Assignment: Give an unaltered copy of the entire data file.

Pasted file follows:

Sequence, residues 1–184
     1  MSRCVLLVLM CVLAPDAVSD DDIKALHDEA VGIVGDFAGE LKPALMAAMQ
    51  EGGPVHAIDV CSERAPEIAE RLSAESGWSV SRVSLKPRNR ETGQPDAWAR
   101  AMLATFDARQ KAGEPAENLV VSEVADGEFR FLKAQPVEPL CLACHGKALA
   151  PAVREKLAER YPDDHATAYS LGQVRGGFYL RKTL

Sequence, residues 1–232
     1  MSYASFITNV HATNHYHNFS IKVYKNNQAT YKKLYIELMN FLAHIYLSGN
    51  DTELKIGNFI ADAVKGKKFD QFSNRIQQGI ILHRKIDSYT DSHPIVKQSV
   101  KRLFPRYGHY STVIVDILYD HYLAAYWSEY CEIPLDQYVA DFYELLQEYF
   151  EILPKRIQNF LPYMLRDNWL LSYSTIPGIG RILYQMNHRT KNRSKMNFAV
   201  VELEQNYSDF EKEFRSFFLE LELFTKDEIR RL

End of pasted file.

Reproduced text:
Sequence, residues 1–184
     1  MSRCVLLVLM CVLAPDAVSD DDIKALHDEA VGIVGDFAGE LKPALMAAMQ
    51  EGGPVHAIDV CSERAPEIAE RLSAESGWSV SRVSLKPRNR ETGQPDAWAR
   101  AMLATFDARQ KAGEPAENLV VSEVADGEFR FLKAQPVEPL CLACHGKALA
   151  PAVREKLAER YPDDHATAYS LGQVRGGFYL RKTL

Sequence, residues 1–232
     1  MSYASFITNV HATNHYHNFS IKVYKNNQAT YKKLYIELMN FLAHIYLSGN
    51  DTELKIGNFI ADAVKGKKFD QFSNRIQQGI ILHRKIDSYT DSHPIVKQSV
   101  KRLFPRYGHY STVIVDILYD HYLAAYWSEY CEIPLDQYVA DFYELLQEYF
   151  EILPKRIQNF LPYMLRDNWL LSYSTIPGIG RILYQMNHRT KNRSKMNFAV
   201  VELEQNYSDF EKEFRSFFLE LELFTKDEIR RL